The original USCGC ESCANABA (WPG-77) was commissioned on November 23,1932 in Grand Haven, Michigan. ESCANABA measured 165 feet, and was powered by a 1,500 horsepower steam turbine. The cutter was stationed in Grand Haven from 1932 until 1940. ESCANABA's primary missions were ice breaking and search and rescue on the Great Lakes.
THE FIRST ESCANABA
The first United States Coast Guard Cutter ESCANABA was built by the Defoe Boat and Motor Works of Bay City, Michigan, in 1932. The 165-foot Algonquin class cutter was named for the city and river, ESCANABA, derived from a Native American word meaning “flat rock.” She served on the Great Lakes and was stationed in Grand Haven, Michigan, until the start of WWII.
During the war, ESCANABA was assigned to convoy duty in the Atlantic. She escorted numerous convoys and participated in various search and rescue missions. In February 1943, the ESCANABA distinguished herself by rescuing 132 men from a torpedoed transport in the North Atlantic. For their outstanding heroism accomplishing this rescue mission, six officers and men of the ESCANABA were awarded posthumous decorations and commendations by Admiral Royal E. Ingersol, then Commander in Chief of the Atlantic Fleet.
Four months later, the gallant ESCANABA set out on what was destined to be her final mission. On June 10, 1943, an Allied convoy sailed from Narsarssuak, Greenland bound for St. John’s, Newfoundland, with an escort consisting of the USCGC MOHAVE (flag), USCGC TAMPA, USCGC STORIS, USCGC RARITAN and USCGC ESCANABA. The convoy proceeded to the Northwest, encountering dense fog, icebergs and dangerous navigating conditions. The convoy had been alerted to the presence of an enemy submarine in the area.
At 0510 on the morning of June 13, 1943, there was a sudden flash of light on the horizon and dense yellow and black smoke was seen rising from the perimeter of the convoy. The cutters STORIS and RARITAN were ordered to investigate. Racing to the position where the ESCANABA was last stationed, they discovered that the cutter was gone; she had been struck by an enemy torpedo and sank instantly. Within ten minutes of sighting the smoke, all that remained was debris and two survivors: Seaman First Class Raymond O’Malley and Boatswains Mate Second Class Melvin Baldwin. One hundred and one men were lost, including the Captain, Lieutenant Commander Carl Uno Peterson.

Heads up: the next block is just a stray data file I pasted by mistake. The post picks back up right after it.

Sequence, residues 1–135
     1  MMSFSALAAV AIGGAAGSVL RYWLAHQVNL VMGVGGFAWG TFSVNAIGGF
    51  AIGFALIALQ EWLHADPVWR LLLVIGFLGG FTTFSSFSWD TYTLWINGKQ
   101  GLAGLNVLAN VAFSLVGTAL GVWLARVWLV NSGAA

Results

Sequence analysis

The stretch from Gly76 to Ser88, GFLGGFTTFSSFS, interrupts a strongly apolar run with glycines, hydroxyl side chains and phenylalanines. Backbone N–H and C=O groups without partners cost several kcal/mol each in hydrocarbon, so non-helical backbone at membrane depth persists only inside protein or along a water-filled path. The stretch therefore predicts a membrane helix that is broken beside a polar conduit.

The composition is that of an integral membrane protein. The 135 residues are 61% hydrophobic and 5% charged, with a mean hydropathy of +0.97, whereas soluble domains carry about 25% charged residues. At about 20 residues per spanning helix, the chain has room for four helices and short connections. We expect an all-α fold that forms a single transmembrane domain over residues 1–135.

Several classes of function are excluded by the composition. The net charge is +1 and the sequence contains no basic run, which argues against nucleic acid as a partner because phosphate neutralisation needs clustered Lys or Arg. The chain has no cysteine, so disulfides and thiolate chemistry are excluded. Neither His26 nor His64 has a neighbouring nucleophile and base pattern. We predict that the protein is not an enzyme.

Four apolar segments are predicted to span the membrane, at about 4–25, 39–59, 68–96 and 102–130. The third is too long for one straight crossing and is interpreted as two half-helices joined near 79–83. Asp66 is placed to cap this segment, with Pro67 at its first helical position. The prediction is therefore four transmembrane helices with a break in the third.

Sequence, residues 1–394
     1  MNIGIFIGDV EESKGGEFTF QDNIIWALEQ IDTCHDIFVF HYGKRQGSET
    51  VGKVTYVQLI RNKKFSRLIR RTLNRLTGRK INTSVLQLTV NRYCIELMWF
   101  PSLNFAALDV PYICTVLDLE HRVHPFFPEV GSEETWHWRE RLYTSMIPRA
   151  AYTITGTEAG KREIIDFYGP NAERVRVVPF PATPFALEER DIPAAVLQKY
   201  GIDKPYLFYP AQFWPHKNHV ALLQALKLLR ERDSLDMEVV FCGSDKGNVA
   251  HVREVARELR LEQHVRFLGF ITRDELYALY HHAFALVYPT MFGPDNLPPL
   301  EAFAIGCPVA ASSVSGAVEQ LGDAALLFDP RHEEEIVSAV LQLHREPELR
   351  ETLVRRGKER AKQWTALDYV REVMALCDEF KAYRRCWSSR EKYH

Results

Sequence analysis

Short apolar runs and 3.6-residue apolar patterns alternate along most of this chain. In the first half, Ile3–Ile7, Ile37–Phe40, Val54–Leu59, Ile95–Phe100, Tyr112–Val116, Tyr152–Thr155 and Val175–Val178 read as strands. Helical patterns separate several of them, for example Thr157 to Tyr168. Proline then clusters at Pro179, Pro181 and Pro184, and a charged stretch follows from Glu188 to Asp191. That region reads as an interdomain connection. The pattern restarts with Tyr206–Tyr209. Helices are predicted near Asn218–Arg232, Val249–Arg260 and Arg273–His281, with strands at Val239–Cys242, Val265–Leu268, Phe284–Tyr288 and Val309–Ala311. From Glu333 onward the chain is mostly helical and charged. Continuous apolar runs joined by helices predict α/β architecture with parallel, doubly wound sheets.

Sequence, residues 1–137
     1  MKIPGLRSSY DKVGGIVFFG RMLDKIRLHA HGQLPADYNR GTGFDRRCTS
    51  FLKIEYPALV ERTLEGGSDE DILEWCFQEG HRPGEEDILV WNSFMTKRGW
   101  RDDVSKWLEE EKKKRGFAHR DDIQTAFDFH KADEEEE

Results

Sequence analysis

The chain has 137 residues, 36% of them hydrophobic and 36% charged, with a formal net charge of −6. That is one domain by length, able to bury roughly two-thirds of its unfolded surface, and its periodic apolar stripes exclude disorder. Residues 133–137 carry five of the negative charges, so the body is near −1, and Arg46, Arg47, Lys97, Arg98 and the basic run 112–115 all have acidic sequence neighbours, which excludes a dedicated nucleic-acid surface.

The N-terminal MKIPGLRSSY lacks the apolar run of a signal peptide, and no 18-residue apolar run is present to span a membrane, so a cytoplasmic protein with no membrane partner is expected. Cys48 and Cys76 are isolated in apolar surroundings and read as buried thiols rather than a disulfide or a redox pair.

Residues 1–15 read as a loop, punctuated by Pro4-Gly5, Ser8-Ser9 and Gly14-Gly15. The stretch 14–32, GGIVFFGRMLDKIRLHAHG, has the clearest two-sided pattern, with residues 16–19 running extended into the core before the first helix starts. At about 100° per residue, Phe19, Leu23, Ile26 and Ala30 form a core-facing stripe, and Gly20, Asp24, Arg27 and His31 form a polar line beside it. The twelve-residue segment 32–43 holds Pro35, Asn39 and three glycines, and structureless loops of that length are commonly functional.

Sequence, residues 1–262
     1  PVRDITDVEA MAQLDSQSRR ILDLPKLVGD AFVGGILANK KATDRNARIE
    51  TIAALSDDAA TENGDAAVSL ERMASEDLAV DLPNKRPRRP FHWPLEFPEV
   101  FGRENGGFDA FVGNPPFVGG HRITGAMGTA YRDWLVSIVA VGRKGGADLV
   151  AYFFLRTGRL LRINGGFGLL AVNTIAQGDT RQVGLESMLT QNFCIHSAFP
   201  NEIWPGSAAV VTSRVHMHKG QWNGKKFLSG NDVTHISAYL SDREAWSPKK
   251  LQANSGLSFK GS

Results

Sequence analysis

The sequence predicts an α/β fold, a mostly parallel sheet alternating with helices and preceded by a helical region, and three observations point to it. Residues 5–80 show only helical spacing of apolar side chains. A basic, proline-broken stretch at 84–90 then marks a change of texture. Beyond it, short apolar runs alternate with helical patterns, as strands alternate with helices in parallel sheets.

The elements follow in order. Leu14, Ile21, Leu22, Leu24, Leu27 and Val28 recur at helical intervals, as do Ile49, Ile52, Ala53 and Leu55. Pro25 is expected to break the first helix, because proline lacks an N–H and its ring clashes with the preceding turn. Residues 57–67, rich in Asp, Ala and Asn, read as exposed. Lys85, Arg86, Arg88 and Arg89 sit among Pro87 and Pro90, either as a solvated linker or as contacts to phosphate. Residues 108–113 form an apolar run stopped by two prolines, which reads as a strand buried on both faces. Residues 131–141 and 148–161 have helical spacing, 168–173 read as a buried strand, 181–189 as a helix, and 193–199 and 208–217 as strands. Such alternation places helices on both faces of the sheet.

All that remains today of this proud ship are her rigged mast, her lifeboat, and a few other items, which are part of a memorial park in the City of Grand Haven. No monument will ever mark the place in the Atlantic where ESCANABA and her brave crew sank, but for the Nation she served so well she will always remain an honored memory. Her namesake carries on the traditions so firmly embedded in the history of the Coast Guard.
The newest ESCANABA recalls the heroic actions of the first ESCANABA with the ship’s motto “The Spirit Lives On.” A special tradition has evolved around that motto. Every year on the anniversary of the sinking, the entire ship’s crew assembles on the weather decks for a memorial ceremony honoring the service and sacrifice of the first ESCANABA’s crew. On that day, the ESCANABA Captain calls Mr. Raymond O’Malley, the remaining survivor of the sinking. This call is made by phone or by radio on June 13th whether ESCANABA is at sea or in port, so that the Captain can report to Mr. O’Malley on the health of the crew, the state of the ship, and our commitment that “The Spirit Lives On.”